[time-nuts] Z3805 utility, Was: AW: (no subject)

Didier Juges didier at cox.net
Sat May 22 22:21:17 UTC 2010

Bill, I think you got it backwards. +/- 12V is typical for RS-232, 0/+5V is
for RS-422 and RS-485.

No RS-232 receiver should be damaged with +/- 12V or even +/- 15V because
that is their normal operating voltage.

Also, RS-422 and RS-485 have something like 25V common mode tolerance (not
sure what the actual spec is there,) so that the RS-422 and RS-485 receivers
should not be damaged by 15V either. The RS-422 drivers are pretty low
impedance, while the RS-232 drivers are current limited, so I don't think
that connecting an RS-232 driver into an RS-422 driver will damage either.

However, most recent (<10 years?) RS-232 receivers will work with a 0/+3V or
0/+5V input, conveniently having a threshold a few 10's or 100's of mV above
ground, even though the original RS-232 spec required receivers that work
with as low as +/- 3V, and drivers that deliver +/- 9V minimum. Many
commercial systems use +/- 5V drivers for RS-232 (B&B Electronics sells a
lot of converters with these voltages). This is a deliciously sloppy spec
that nobody has met in the last 25 years probably, yet works most of the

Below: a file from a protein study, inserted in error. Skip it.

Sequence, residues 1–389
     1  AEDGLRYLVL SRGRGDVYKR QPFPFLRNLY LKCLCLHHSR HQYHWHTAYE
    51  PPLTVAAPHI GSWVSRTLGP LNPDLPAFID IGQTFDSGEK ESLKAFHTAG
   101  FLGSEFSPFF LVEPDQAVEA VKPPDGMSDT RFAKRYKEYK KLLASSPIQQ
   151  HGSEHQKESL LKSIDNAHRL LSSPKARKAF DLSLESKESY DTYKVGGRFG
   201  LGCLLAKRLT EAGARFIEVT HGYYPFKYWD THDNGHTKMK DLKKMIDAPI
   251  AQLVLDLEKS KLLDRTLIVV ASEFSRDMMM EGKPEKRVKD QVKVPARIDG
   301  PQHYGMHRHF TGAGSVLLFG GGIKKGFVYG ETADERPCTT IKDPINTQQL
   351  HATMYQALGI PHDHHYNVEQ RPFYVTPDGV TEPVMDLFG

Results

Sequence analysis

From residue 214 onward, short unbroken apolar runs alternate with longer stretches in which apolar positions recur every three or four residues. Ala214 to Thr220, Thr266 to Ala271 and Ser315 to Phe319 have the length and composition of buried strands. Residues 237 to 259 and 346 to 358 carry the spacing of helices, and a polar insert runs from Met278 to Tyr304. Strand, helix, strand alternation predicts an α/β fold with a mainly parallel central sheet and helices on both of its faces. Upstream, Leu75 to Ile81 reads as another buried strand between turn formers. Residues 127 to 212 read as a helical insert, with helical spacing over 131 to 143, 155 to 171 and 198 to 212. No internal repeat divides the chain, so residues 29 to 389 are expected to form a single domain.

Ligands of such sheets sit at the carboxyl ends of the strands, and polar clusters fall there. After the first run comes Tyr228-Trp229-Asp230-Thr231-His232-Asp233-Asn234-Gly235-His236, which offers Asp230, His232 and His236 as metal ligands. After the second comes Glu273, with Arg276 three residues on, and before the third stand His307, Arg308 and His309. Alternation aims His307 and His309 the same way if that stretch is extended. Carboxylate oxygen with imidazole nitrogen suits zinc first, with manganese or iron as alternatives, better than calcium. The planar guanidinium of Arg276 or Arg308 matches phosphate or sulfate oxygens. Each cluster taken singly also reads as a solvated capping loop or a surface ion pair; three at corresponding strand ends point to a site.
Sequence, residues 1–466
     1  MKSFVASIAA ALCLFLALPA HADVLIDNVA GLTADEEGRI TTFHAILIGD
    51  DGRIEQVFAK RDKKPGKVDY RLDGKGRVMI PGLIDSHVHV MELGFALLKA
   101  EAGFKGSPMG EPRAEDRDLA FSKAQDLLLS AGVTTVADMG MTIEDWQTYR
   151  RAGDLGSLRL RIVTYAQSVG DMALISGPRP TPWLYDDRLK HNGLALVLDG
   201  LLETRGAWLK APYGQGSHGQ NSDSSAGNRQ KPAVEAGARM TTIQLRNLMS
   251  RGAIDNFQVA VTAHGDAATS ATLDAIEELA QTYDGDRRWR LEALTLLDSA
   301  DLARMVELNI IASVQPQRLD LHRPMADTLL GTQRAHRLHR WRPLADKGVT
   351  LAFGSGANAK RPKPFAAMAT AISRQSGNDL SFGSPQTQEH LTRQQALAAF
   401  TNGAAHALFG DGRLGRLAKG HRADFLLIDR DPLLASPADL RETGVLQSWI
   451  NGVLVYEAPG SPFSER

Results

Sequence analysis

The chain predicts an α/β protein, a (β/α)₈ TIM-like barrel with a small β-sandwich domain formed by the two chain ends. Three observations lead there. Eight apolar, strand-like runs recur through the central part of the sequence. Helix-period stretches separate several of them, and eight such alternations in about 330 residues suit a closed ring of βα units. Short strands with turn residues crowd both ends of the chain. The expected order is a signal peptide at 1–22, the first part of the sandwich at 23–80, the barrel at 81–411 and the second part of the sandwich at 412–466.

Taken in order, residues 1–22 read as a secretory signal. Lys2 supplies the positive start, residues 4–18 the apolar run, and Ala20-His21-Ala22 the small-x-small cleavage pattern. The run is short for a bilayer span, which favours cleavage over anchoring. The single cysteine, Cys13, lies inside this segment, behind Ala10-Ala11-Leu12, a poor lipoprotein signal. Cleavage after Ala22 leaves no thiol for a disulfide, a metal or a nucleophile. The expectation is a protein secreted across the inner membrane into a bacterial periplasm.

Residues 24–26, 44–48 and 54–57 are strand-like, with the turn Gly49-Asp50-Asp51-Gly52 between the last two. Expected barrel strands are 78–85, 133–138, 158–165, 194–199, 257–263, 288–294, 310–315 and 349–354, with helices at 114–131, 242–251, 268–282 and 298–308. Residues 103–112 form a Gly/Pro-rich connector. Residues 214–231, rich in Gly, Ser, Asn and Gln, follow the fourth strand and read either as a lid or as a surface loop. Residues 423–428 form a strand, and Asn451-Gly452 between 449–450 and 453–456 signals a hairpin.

The one thing to avoid is to short an RS-422 (or RS-485) driver to ground,
as that can actually cause damage, maybe not every time, but definitely not
recommended. These have relatively high current output capability to drive
long lines.

Didier KO4BB

-----Original Message-----
From: time-nuts-bounces at febo.com [mailto:time-nuts-bounces at febo.com] On
Behalf Of Bill Hawkins
Sent: Saturday, May 22, 2010 3:09 PM
To: 'Discussion of precise time and frequency measurement'
Subject: Re: [time-nuts] Z3805 utility, Was: AW: (no subject)

When all else fails, get out the voltmeter.

Do you have power to the antenna? Is it the right voltage? All the way to
the antenna?

What volts are on pins 2 or 3 relative to pin 7 in the comm connector?

If you see 12 volts, that's RS-422. You may have burned out your computer's
serial port.

If you see less than 5 volts, that's RS-232 and all should be well, unless
you see zero volts.

I may have the RS-xxx volts somewhat off because my memory isn't what it
used to be.

The guy you bought it from should be able to help with comm basics.

Bill Hawkins

-----Original Message-----
From: time-nuts-bounces at febo.com [mailto:time-nuts-bounces at febo.com] On
Behalf Of Robert Benward
Sent: Saturday, May 22, 2010 2:08 PM
To: Discussion of precise time and frequency measurement
Subject: Re: [time-nuts] Z3805 utility, Was: AW: (no subject)

Hi All,
I hooked everything up and I still get nothing.  I can't seem to establish
communications  with the Z3805.  I tried a 
null modem as well, in case the cable (supplied) was wired with the wrong
connector gender.  I see a green blinking 
light inside, it he left rear corner of the box.  Everything is warm, but
nothing else.  Any ideas?


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